I liked it so much, I bought the pattern.  It’s a shawl with little cabled owls along the perimeter – and the owls have beaded eyes!  I’m thinking I would like to make this shawl with either my DCS with cashmere yarn, or the Malabrigo sock yarn that I got last Friday at the yarn shop in Frankfort. 


Meanwhile, I still have my Knit Love Club sock yarn that I got last month calling my name.  I think it wants to be mittens, and I think I might actually start a cuff tonight for a change of pace.

~Happy knitting!

“Take your pleasure seriously.” — Charles Eames

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I decided to take a ‘mental health day’ yesterday, since I finally had some time to just ‘veg’ and unwind.  It was heavenly.  I did lots of knitting.

I made this hat: (pattern found HERE).  I’m in love with how it turned out.  I used Lion Brand Amazing yarn in the colorway Joshua Tree.



I made another one of these in some of that Suffolk wool that I bought from Freshisle Fibers:  (Pattern found HERE)

Then I added a pom-pom and put the hat on the dog.

It was all very serious business.

~Happy knitting!

Warm Hands

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I finally wore my new purple mittens today.  I had been sporting a pair of wool blend, fingerless mitts that a member of the knitting group made last year for our holiday gift exchange.  They worked out perfectly all fall but I noticed that my fingers were starting to sting in the last week or so.   I figured it was mitten time, and my new mittens worked out well.  No stinging fingers.

I recently obtained a copy of Interweave Knits Holiday Gifts Knitting special edition magazine.  I had to search for weeks before finding it at a local craft store.

With the recent loss of Border’s book stores, and then the closing of our local Barnes and Noble book store, buying books and magazines has become a real chore.  Apparently no one in Indiana reads books anymore because we have literally NO book stores now, from which to purchase or peruse newly released books and periodicals.  Ugh!  Anyway…

Among many great patterns, there is a pattern (designed by Alexis Winslow) for a super-cute pair of fingerless mitts that caught my eye.  They are called Chivalry Mitts and they are done in colorwork hearts. 

I think they might be my first attempt at real colorwork.  I already have some yarn that I would like to use for the project, and I am dying to try, but I have been spending most of my spare knitting time working to complete Karen’s scarf by Christmas Eve.  I have two more weeks, and it’s not even half way done.  Colorwork mitts may have to be my New Year’s project.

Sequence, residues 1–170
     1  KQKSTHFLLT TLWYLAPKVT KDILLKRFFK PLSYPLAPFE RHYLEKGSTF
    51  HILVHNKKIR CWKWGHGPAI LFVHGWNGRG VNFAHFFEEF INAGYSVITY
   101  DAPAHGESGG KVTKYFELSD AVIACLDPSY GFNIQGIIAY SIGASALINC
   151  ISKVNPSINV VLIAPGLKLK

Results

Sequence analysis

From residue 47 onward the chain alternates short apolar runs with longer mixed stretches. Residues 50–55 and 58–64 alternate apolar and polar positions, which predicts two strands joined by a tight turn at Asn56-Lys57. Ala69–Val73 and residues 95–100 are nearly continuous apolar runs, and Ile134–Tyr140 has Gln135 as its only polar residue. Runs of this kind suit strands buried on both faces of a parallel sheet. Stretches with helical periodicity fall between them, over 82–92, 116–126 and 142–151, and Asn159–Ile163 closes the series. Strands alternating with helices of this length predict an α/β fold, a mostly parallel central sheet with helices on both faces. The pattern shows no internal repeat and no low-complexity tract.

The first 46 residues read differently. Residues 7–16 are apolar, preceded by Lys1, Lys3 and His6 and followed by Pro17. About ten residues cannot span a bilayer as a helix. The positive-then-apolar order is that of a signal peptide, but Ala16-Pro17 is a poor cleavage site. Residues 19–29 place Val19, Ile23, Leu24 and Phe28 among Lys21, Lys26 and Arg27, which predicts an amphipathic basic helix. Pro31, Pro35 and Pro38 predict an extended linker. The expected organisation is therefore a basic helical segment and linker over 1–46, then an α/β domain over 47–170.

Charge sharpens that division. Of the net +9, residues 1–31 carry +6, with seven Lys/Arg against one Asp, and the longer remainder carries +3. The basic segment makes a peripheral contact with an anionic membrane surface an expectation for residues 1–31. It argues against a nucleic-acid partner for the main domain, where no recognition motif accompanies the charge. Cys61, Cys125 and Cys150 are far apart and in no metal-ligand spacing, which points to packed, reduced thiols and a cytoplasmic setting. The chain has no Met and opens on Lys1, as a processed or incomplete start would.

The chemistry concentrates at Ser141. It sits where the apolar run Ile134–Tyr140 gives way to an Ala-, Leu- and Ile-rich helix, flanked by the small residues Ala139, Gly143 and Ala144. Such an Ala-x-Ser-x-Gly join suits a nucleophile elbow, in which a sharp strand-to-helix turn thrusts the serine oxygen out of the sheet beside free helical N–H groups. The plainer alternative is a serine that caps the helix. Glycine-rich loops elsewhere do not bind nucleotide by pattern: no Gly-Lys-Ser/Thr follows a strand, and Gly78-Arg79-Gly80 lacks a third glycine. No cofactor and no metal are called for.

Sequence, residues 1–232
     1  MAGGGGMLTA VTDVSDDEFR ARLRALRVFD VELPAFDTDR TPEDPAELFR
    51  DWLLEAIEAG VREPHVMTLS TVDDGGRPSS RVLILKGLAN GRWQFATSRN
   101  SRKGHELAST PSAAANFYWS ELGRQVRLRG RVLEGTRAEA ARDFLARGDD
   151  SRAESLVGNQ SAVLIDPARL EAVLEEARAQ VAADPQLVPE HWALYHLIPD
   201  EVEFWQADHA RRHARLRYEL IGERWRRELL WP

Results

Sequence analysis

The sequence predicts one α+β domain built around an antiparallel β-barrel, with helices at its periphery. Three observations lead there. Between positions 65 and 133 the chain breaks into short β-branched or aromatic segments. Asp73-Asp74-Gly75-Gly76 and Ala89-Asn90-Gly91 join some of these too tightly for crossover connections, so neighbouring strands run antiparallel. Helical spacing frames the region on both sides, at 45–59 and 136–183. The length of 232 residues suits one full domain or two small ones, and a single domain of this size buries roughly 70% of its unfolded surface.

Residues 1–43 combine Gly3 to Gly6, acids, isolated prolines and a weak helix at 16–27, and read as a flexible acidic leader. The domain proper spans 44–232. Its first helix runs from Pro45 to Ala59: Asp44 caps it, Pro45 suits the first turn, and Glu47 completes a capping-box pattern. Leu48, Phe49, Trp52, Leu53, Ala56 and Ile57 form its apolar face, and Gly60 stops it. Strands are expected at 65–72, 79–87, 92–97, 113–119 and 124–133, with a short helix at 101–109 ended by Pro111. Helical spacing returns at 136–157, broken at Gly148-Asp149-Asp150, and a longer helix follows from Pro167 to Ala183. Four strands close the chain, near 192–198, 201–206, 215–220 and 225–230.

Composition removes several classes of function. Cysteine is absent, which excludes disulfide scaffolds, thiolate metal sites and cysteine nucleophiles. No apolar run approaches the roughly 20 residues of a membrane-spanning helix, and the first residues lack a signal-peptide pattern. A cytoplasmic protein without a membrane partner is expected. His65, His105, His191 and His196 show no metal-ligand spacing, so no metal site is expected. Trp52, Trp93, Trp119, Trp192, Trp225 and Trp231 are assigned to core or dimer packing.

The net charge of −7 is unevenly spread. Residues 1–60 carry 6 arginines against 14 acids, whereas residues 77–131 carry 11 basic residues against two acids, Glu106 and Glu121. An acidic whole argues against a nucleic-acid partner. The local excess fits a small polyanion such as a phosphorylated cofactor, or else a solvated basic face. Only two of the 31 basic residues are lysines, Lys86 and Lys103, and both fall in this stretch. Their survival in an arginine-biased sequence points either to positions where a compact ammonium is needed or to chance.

After this week, I will have a two week break for the holidays which will free up some knitting time.  I am counting the days…

Happy knitting!

Winter Warmth



Even with finals week approaching, I have managed to get some knitting done.  Actually, I’m more behind on my blogging than I am on my knitting, so I have some things to show you, including a finished object.

Last weekend, I managed to finish the body of the A Breath of Fresh Air Scarf  so that now I can focus on adding the lace border.  I’m excited to try it, since I have not knit a lace border to anything before.  Here is the body of the scarf so far, prior to the addition of the lace border.


I also had a request a while back from my cousin to make her a cabled hat like the one I previously blogged about HERE.  I saw her yesterday for a nice dinner and night out with my sister, so I made her hat during the week so that I could bring it along and give it to her. 


As you can see, her hat is pink.  It may not show so well in the photos, but it’s actually a soft, frosty looking, heathered pink.  The yarn is Lion Brand Wool-Ease in the color Blush Heather.  I think it turned out nicely, but the original hat made with Stitch N Bitch Alpaca Love Yarn was tighter which gave it a better fit, and neater looking cables.  I’m learning as I go here, but I think I’m discovering that stiffer yarn makes nicer cables.

My cousin was happy with the hat, and she asked if I would make one for her daughter.  She picked out a yarn that she liked from my stash (a pretty indigo blue color called Blue Mist, also in Lion Brand Wool-Ease), and I will be working on that during the holidays. 

In other news, it turned out that my cousin also knew of some local causes in need of warm winter accessories, which was perfect since I had been compiling a stash of things from my charity knitting endeavors.  Her son’s mother-in-law is a school nurse for a somewhat local grade school, and she had mentioned that many of the students come to her telling her that they have no hats/scarves/mittens because their parents can’t afford to buy them.  It had gotten to the point that she was buying yards of fleece and cutting strips to be used as make-shift scarves for the children in need. 

When my cousin mentioned this, I realized that I could help because I have a stash of donatable knits accumulating for just such a situation.  16 hats and 3 pairs of mittens will be going to the school, and anything they can’t use will be donated to a local church’s warm winter clothing drive. 

As if knitting wasn’t awesome enough, charity knitting makes it feel even better.

Happy knitting!  Take some time to knit up something warm for someone you love this winter.

Sunday Ramblings and Some Super Knitting Patterns